When the user's pulse is equal or higher than the target pulse (28f>28d), the user is informed that he has started training for t seconds on the display.
The user's pulse (28f, 28f'), remaining time (28i) and speed (28h) are measured and displayed along with the target pulse (28d) as shown in FIG. 13 (d). If the user's pulse (28f, 28f') is within the target pulse (28d) zone, the LED (27) emits green light, yellow light if it is below the target pulse zone, and red if it is above the target pulse zone.
A buzzer sounds if the user's pulse (28f, 28f') exceeds the target pulse (28d) by 10.
When the remaining time (28i) counts down to zero, the user is informed on the display that the training time has ended and is instructed to start pedaling slower to cool down.
The target pulse (28d) while the user is cooling down is immediately calculated from formula 4 below when the user starts cooling down, and is displayed as the target pulse (28d) as shown in FIG. 13 (e). The remaining time (28i), speed (28h), and the user's pulse (28f, 28f') are measured and displayed.
______________________________________Formula 4 Calculation of target pulse while user is coolingdown (example)Same as formula 1, however the exercise rating is asfollows:Step No.Exercise Rating______________________________________ *In the manual training mode, exercise rating = 30
It is advisable to have the user cool down for several minutes, but he/she is informed of the results on the display [*** Results ***] for t seconds while he/she continues cooling down.
The total distance traveled to date (distance traveled in all previous sessions+distance traveled this session) (28j), calories consumed (calculated from formula 3 below) (28k), score [PWC75% PR max is calculated from formula 5 below, and the individual's score is calculated from that value and 300W (max. is assumed to be PWC75% PR max, which is a score of 100)] and rank (calculated as shown in FIG. 15) (28 m) are displayed.
______________________________________Formula 3 Calories consumed (example)Calories consumed =Max. oxygen inhaled × exercise rating × weight × time×4.86 × 10-3Max. oxygen inhaled =Max. is assumed to be 82 ml/kg.min which changesaccording to the individual's physical condition.(Here this is calculated according to the individual'sscore.) (For an individual with no prior score, thisis assumed to be 44 ml/kg.min for men and 33 ml/kg.minfor women.)______________________________________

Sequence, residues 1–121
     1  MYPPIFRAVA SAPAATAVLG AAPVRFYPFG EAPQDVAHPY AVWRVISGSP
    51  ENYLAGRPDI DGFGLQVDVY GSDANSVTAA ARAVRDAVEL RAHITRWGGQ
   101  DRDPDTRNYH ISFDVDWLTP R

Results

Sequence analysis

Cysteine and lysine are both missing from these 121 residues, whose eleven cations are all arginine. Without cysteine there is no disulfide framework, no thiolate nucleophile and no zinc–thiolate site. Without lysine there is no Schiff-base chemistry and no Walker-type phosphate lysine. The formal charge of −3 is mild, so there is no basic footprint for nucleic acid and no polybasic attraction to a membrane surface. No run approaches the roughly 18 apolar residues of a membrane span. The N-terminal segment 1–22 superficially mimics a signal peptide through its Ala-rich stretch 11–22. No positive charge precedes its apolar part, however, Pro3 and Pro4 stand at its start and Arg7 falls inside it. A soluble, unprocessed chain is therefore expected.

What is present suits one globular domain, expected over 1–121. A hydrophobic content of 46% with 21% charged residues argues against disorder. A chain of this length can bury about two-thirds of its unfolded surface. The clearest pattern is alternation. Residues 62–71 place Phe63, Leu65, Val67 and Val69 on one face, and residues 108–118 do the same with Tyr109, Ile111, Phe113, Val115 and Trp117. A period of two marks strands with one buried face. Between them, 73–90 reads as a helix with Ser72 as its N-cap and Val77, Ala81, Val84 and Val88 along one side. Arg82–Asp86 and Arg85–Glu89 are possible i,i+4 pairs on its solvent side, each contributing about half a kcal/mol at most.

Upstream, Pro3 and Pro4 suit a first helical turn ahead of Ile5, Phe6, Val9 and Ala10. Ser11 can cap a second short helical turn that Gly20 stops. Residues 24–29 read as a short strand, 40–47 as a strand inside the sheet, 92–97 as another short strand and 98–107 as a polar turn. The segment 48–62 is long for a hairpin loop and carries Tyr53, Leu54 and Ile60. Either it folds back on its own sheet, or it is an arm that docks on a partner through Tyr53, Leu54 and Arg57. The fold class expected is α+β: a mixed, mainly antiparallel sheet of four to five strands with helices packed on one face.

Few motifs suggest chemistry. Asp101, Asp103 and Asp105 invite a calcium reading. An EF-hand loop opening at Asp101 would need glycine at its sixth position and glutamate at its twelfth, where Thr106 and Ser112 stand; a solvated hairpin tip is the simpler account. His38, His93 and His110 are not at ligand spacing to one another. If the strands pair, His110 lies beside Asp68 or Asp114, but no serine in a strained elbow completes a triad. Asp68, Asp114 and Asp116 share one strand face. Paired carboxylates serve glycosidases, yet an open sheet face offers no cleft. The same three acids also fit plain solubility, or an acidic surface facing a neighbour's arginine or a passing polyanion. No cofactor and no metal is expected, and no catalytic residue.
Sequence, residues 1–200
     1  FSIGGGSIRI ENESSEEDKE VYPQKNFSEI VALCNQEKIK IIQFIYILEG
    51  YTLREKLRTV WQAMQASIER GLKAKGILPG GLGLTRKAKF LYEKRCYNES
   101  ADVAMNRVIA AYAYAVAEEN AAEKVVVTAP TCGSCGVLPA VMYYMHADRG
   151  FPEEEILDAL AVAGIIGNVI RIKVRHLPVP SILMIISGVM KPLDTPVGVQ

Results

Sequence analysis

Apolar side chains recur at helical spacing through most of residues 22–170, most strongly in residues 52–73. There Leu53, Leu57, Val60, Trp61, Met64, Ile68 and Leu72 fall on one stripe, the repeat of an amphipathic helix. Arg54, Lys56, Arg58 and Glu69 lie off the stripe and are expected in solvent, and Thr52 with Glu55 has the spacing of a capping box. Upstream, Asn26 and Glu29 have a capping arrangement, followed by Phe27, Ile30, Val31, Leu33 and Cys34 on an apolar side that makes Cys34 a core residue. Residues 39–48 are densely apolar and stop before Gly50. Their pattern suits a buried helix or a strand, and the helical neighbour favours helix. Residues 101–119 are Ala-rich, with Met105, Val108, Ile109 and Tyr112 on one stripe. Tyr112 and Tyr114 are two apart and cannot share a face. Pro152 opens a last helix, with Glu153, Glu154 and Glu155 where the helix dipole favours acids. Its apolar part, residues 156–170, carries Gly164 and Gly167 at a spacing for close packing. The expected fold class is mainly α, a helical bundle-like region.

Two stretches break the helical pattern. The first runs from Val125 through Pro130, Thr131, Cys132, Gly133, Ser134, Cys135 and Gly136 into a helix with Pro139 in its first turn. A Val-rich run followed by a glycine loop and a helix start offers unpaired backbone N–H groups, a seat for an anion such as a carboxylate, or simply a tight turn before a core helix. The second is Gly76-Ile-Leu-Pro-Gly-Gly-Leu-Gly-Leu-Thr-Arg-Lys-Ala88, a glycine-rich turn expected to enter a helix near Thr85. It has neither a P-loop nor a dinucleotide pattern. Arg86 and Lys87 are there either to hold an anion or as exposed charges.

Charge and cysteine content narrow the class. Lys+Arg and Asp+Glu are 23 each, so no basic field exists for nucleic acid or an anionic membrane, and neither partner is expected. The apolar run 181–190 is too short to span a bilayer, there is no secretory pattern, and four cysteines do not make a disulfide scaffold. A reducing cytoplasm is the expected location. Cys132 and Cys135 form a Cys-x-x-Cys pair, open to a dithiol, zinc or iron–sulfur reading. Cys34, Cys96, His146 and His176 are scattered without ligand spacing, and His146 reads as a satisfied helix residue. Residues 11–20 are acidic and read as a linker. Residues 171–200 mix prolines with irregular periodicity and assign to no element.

Formula 5 Calculation of PWC75% PR max (work factor at 75% of exercise rating) (example shown in FIG. 14). ##EQU2## R=Average rpm L=Distance traveled per revolution (e.g. 6 m)
Bo=Brake value while training (KP)
Yo=target pulse while training
Y=75% PR max
a=inclination shown in FIG. 14 which is a constant (this will differ slightly depending on the individual, but does not need to be considered for practical purposes.)
The next step No. and the number of usages for the next time are calculated from the present step No. and present number of usages of the machine (see Table 3 above) and are memorized with the individual's code and rank (see Table 4 below).
TABLE 4______________________________________(the step No. is increased according to theindividual's rank - example)______________________________________RankStep No.______________________________________
When the ENT key (21) is pressed again, the machine returns to condition (1).
When the manual training mode key (23) is pressed to select the manual training mode, the machine goes to condition (2).
In this case, the user can change the target pulse (28d), training time (28e), calorie consumption (28k) to the desired values [the user enters the desired pulse, and training time or calorie consumption (the training time is calculated from formula 3 when desired calorie consumption is entered)] to select the desired training menu.
The user proceeds through warming up, training and cooling down as was explained for the auto training mode, and when the remaining time during cooling down reaches a value of 0 [You have finished] appears on the display.
The machine returns to condition (1) when the ENT key is pressed again.
The exercise management machine in this invention prescribes an exercise program that is suited to the individual, prevents the dangers of over or under exercising and gives significant advice on the physical condition of the individual.
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|U.S. Classification||482/9, 482/902, 600/502, 482/900, 482/3|
|International Classification||A63B24/00, A63B69/00, A63B23/04|
|Cooperative Classification||Y10S482/90, Y10S482/902, A63B23/0476, A63B24/0062, A63B2230/06, A63B2024/0009, A63B24/0087, A63B2230/01, A63B2024/0068, A63B24/0006, G09B19/0038, A63B2024/0093, A63B69/0028, A63B2220/17, A63B22/0605|
|European Classification||G09B19/00E2, A63B24/00A1, A63B24/00R, A63B24/00G|
|Jun 18, 1985||AS||Assignment|
Owner name: SHARP KABUSHIKI KAISHA, 22-22 NAGAIKE-CHO, ABENO-K
Free format text: ASSIGNMENT OF ASSIGNORS INTEREST.;ASSIGNORS:MATSUMOTO, TSUYOSHI;MURAKAMI, HARUHIKO;KAKUMAE, MASARU;AND OTHERS;REEL/FRAME:004437/0681
Effective date: 19850313
|Aug 19, 1993||FPAY||Fee payment|
Year of fee payment: 4
|Feb 13, 1998||REMI||Maintenance fee reminder mailed|
|Mar 29, 1998||LAPS||Lapse for failure to pay maintenance fees|
|Jun 9, 1998||FP||Expired due to failure to pay maintenance fee|
Effective date: 19980401